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Impact of a Store's Failure to Inspect Its Floors - Slip & Fall Basics

Store owners are under a duty to keep their premises reasonably safe for their patrons. This does not mean that they have to be perfect. But it does mean that they have an ongoing obligation to inspect their premises. Typically, this means inspecting the floors to make sure there is nothing people can slip or trip on. So what happens when a store fails to adequately inspect?

In order to succeed on his or her premises liability claim, a plaintiff must show that the store owned or controlled the premises, that it was negligent in the management of the premises and that its negligence caused her injury and damages. Craddock v. Kmart Corp., 89 Cal.App.4th 1300, 1306 (2001).

A store owner can defeat this by showing that it exercised ordinary care:

"A store owner exercises ordinary care by making reasonable inspections of the portions of the premises open to customers, and the care required is commensurate with the risks involved … If the owner operates a self-service grocery store, where customers are invited to inspect, remove, and replace goods on shelves, 'the exercise of ordinary care may require the owner to take greater precautions and make more frequent inspections … to safeguard against the possibility that such a customer may create a dangerous condition by disarranging the merchandise' and creating potentially hazardous conditions." Ortega v. Kmart Corp., 26 Cal.4th 1200, 1205 (2001).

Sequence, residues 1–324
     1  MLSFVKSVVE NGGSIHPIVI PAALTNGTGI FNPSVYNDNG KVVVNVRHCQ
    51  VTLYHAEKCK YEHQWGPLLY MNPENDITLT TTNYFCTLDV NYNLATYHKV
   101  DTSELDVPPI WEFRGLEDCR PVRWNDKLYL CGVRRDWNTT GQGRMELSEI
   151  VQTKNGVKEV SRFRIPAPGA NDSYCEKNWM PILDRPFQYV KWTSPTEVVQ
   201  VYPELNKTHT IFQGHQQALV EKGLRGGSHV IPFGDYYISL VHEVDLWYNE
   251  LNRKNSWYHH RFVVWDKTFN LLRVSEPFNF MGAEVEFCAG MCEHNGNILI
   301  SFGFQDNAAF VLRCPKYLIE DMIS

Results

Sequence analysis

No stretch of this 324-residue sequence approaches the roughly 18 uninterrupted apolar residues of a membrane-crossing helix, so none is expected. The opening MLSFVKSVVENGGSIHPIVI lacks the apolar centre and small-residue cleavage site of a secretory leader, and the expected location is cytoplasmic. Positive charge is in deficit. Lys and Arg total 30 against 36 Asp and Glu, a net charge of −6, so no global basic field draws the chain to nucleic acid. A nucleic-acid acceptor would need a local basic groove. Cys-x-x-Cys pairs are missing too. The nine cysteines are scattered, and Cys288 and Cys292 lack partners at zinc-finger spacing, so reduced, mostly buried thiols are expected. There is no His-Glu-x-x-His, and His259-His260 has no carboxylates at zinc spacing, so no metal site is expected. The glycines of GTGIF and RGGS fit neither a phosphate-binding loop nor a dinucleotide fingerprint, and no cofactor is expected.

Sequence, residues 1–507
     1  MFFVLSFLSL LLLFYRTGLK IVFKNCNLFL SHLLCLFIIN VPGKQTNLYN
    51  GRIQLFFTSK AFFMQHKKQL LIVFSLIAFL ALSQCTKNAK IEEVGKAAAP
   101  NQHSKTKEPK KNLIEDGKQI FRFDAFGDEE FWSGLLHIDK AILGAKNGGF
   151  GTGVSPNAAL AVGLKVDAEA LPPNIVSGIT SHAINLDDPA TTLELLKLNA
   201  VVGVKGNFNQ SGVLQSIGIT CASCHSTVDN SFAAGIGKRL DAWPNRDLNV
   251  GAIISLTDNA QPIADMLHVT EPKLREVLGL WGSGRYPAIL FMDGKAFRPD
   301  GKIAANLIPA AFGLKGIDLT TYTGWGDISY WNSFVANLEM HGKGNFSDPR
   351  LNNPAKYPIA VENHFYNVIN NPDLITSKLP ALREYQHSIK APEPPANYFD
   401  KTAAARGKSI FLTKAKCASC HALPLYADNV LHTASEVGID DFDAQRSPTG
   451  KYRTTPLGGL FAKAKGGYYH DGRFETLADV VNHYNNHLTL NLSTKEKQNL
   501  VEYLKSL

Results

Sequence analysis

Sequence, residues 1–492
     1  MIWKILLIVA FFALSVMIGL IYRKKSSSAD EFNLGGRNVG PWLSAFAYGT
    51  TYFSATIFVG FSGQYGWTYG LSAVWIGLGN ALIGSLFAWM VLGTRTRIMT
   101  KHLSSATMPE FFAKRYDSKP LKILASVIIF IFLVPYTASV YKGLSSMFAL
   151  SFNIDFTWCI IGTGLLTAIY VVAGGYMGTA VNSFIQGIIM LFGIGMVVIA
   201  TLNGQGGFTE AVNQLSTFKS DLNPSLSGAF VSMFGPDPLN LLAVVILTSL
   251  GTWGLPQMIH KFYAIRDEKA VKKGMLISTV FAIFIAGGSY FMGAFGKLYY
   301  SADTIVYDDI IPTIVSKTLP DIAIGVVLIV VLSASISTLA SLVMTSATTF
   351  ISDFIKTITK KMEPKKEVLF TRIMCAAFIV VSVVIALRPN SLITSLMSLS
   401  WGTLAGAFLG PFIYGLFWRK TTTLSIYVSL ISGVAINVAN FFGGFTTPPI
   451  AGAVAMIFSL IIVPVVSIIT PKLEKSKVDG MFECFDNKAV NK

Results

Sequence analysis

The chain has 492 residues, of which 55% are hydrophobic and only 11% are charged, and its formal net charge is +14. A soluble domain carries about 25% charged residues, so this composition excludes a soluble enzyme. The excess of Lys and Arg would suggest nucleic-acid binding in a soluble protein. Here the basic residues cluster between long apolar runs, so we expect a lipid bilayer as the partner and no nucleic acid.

California law does not require a plaintiff to prove how long a dangerous condition existed prior to an accident. Evidence "that an inspection had not been made within a particular period of time prior to an accident may warrant an inference that the defective condition existed long enough so that a person exercising reasonable care would have discovered it." Id. at 1210.

So the bottom line is this: If you can show that the store owner did not adequately inspect the store, a jury can find that the dangerous condition had been present long enough for the owner to identify and clean it.

Pete Clancy is an Oakland personal injury lawyer. He can be reached at 925-835-7500, or by email ([email protected]).